Intermittent conflict2024.7
Controlled by Al-Shabaab4049.4
Age at marriage
Type of marriage
By choice4657
Age of first pregnancy
Type of fistula
Vesicovaginal fistula7187.7
Rectovaginal fistula78.6
The pregnancy in which fistula developed
First pregnancy3037
Second pregnancy1012.3
Third or above4151
Antenatal care at least once
Person who attended the labor
Health personnel2935.8
Traditional birth attendant4758
Female genital mutilation (FGM)
Not cut44.9
Sunna (the mildest form of FGM or type 1)1316
Pharaonic (infibulation)76.578.5
Reported cause of fistula
Obstetric complications5770.4
Iatrogenic factors2429.6
Number of surgeries
One surgery5770.4
Two or over2429.6
Number of years having a fistula
≤1 yrs4555.6
1.1–3 yrs1923.5
≥3 yrs1721
Did a fistula affect your ability to work?
How did having a fistula affect your social life?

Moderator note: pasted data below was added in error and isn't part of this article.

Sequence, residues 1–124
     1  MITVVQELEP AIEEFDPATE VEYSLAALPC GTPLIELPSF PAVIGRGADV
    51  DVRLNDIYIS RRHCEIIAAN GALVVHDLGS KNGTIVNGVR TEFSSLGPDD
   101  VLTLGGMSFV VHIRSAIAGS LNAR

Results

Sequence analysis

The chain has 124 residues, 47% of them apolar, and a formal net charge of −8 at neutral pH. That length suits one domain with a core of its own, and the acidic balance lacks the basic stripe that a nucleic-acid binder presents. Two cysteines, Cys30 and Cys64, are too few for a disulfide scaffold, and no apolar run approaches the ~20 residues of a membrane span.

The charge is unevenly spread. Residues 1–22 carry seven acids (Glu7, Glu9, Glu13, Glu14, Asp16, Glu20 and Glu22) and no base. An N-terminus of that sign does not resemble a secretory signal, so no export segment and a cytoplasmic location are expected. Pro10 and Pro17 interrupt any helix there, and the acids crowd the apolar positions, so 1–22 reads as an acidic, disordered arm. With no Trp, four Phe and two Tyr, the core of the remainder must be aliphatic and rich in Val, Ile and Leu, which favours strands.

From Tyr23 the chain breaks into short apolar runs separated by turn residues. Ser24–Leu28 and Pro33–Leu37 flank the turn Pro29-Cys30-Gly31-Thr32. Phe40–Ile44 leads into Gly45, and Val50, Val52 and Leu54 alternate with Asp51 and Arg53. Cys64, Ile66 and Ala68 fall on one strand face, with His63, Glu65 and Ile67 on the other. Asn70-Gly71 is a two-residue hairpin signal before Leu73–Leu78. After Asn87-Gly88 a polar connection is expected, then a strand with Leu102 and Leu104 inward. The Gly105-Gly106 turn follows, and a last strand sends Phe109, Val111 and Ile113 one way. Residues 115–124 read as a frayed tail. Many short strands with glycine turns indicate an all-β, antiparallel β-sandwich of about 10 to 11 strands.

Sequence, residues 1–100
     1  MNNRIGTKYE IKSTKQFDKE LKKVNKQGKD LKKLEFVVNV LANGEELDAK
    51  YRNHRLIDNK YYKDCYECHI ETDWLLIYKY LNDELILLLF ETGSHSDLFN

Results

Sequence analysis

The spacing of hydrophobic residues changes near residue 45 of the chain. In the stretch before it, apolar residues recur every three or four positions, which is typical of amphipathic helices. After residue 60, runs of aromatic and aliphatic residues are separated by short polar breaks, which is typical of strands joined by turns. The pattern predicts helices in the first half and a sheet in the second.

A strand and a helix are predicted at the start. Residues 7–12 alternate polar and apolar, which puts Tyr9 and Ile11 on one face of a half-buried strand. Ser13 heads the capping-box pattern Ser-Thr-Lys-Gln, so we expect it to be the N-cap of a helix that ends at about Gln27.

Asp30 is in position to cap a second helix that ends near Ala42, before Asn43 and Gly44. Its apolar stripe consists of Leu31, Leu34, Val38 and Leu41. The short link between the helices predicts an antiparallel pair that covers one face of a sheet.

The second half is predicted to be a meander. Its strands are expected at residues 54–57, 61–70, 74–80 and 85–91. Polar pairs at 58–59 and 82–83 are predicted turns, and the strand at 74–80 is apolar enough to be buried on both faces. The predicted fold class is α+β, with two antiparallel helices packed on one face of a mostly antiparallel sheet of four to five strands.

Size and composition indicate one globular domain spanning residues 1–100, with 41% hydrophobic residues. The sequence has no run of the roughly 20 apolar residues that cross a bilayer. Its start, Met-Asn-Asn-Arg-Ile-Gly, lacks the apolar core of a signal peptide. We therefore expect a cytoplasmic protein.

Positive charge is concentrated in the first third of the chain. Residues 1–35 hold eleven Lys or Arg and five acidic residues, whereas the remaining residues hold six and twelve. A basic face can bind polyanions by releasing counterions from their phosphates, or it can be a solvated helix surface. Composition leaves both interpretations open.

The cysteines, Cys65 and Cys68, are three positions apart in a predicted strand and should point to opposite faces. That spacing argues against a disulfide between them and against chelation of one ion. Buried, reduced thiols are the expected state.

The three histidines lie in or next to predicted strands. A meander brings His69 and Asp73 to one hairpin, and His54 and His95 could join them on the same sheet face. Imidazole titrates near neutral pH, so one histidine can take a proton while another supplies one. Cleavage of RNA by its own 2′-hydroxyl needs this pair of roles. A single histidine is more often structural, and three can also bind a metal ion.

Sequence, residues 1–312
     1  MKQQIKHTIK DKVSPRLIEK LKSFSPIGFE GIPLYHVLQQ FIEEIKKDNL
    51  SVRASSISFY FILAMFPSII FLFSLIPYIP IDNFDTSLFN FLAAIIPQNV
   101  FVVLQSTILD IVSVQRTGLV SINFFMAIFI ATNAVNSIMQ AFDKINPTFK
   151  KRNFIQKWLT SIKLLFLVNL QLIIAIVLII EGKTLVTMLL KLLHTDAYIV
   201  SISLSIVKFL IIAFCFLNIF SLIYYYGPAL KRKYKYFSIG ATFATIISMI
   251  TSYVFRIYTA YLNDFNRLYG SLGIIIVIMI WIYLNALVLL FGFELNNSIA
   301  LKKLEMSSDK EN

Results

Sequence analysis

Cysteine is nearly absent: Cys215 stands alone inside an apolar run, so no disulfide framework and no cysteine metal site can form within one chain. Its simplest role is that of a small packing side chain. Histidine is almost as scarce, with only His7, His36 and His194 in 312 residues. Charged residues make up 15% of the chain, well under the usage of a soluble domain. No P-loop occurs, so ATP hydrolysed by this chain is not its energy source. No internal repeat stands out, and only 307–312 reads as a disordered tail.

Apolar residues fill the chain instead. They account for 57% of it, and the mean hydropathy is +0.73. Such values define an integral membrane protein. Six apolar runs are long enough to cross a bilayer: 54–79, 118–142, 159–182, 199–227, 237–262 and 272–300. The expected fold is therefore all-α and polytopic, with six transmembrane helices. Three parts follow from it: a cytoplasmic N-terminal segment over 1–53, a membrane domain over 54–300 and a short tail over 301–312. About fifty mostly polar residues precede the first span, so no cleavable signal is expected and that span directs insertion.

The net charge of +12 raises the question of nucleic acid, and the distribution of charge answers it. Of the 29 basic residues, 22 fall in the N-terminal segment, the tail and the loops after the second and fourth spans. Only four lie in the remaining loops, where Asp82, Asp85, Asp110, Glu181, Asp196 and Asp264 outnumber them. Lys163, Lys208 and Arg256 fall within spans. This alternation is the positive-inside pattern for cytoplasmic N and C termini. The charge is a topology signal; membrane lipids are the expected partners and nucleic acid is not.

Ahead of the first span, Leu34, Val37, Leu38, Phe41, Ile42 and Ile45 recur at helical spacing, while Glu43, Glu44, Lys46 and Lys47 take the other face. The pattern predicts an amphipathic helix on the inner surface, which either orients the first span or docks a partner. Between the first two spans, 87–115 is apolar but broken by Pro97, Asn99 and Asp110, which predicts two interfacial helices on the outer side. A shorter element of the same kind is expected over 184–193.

Did not affect it much5061.7
I was divorced1923.5
My friends and relatives abandoned me911.1
Experienced barriers to fistula treatment
Lack of money2733.3
Lack of health facility that performed fistula surgery2733.3
Lack of money combined with no health facility1518.5

Majority of the participants (58%) gave birth with the assistant of a traditional birth attendant, whereas only 35.8% gave birth with the assistance of health personnel. As expected, 95% of the participants have experienced female genital mutilation (FGM). 70.4% of the study participants reported obstetric labor as the cause of their fistula, and 29.6% reported iatrogenic causes. As far as the waiting time for the repair surgery, 45% waited for the surgery for over one year, while the rest received the surgery within a year.

Approximately half (49.4%) of the participants resided in areas with a history of intermittent conflict between the government and Islamists; 26% lived in areas controlled by the government, whereas 24.7% resided in areas controlled by Islamists.